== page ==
Title protection efforts pay off for chapters

By Rena Malai, News staff

NASW’s Connecticut Chapter has campaigned for more than 20 years for qualified social workers to fill the state’s social work jobs. The effort has paid off recently, as two state service agencies agreed to give hiring preference to social workers with a BSW or MSW degree.

The Connecticut Department of Children and Families and the Connecticut Department of Social Services both agreed to hire social workers with these degrees to fill social work positions at their agencies, as opposed to hiring applicants with degrees in other fields of study.

“We used classic social work community organizing methods, and approached this situation from many different angles to get this done,” said Christine Limone, director of political advocacy for NASW-Connecticut. “This is important for the vulnerable families of Connecticut. We made our case that child protective workers who are social workers have better outcomes.”

The chapter said DCF is the largest state agency to employ social workers. A little more than 28 percent of its approximately 1,500 social workers have actual social work degrees, while the remaining hold four-year degrees in other majors.

“Because they employ so many social workers in the state, we wanted to convince DCF that hiring candidates with a social work degree is the way to go,” said Stephen Karp, the chapter’s executive director.

After meetings and communications with NASW-Connecticut staff, DCF Commissioner Joette Katz officially stated in a letter  “… I am pleased to embrace your recommendation and have directed my Human Resource Management Department to put forward only those applicants who hold either a BSW or MSW degree.”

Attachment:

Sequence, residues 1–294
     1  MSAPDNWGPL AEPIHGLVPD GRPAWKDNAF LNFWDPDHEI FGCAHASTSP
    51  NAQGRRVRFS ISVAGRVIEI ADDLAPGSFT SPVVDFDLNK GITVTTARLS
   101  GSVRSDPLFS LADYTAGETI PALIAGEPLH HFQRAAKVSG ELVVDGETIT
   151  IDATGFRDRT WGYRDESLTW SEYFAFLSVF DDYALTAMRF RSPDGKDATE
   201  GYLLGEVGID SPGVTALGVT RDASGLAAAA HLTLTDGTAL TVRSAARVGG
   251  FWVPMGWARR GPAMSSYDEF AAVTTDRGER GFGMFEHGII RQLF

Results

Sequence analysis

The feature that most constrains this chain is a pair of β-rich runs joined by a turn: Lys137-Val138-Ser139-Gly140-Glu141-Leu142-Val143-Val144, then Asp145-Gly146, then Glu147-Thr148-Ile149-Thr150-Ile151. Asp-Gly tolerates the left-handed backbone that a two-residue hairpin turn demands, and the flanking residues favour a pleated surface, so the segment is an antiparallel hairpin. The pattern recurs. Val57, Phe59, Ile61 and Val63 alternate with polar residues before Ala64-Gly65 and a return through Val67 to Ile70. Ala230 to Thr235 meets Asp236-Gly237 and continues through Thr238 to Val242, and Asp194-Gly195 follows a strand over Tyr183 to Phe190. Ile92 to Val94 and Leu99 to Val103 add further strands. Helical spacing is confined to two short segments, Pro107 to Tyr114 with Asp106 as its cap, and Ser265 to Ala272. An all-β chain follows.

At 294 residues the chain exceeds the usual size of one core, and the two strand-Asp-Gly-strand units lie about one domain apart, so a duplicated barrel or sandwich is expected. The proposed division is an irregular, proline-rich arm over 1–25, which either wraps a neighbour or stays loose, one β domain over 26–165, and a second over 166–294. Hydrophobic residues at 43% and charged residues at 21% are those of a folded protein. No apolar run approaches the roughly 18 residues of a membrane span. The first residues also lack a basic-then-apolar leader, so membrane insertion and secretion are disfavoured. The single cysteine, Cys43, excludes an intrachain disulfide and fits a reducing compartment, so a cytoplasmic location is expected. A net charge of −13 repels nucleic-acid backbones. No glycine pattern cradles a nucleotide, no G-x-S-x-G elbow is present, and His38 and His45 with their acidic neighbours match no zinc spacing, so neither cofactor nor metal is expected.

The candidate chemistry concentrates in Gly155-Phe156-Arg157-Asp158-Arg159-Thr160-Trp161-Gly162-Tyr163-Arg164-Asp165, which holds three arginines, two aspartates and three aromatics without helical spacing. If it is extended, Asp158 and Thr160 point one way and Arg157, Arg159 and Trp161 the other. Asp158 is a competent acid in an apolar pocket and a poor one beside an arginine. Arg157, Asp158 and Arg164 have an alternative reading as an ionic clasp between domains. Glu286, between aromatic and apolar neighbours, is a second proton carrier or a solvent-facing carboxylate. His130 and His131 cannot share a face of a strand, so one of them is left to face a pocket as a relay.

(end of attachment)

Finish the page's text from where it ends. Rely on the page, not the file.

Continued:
“This means moving forward, DCF will have a professional, competent workforce in place and it will be better for every at-risk family who is a recipient of DCF services,” Limone said.

Karp said DSS is the second-largest state agency in terms of hiring social workers. DSS confirmed recently that they have also agreed to “assert a preference for persons with BSW and MSW degrees on job postings for social worker positions at DSS.”

“This is another big success for us as it gets us close to de facto preference in hiring,” Karp said. DSS social workers work with families and adults of all ages, he said, and especially older adults. They mostly serve the moderate- to low-income populations in the state.

Through research, the Connecticut Chapter found that social workers with an MSW or BSW tend to stay in jobs longer and are more comfortable doing at-home visits. Also, child welfare workers do best with a social work degree, Karp said.

From the March 2013 NASW News. NASW members click here for the full story.

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